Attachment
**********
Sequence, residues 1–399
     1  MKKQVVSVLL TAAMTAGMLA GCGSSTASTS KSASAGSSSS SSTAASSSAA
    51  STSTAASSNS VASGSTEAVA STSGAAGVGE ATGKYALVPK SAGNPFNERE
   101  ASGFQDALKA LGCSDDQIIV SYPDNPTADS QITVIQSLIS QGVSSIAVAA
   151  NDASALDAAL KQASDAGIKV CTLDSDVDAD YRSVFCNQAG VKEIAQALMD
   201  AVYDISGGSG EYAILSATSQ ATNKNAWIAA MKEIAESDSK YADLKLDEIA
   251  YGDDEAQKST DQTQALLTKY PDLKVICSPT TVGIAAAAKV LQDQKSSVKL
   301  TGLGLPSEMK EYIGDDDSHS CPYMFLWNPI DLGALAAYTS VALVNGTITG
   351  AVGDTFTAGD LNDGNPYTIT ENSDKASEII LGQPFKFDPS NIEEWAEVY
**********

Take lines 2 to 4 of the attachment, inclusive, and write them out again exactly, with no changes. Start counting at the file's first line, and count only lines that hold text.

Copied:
     1  MKKQVVSVLL TAAMTAGMLA GCGSSTASTS KSASAGSSSS SSTAASSSAA
    51  STSTAASSNS VASGSTEAVA STSGAAGVGE ATGKYALVPK SAGNPFNERE
   101  ASGFQDALKA LGCSDDQIIV SYPDNPTADS QITVIQSLIS QGVSSIAVAA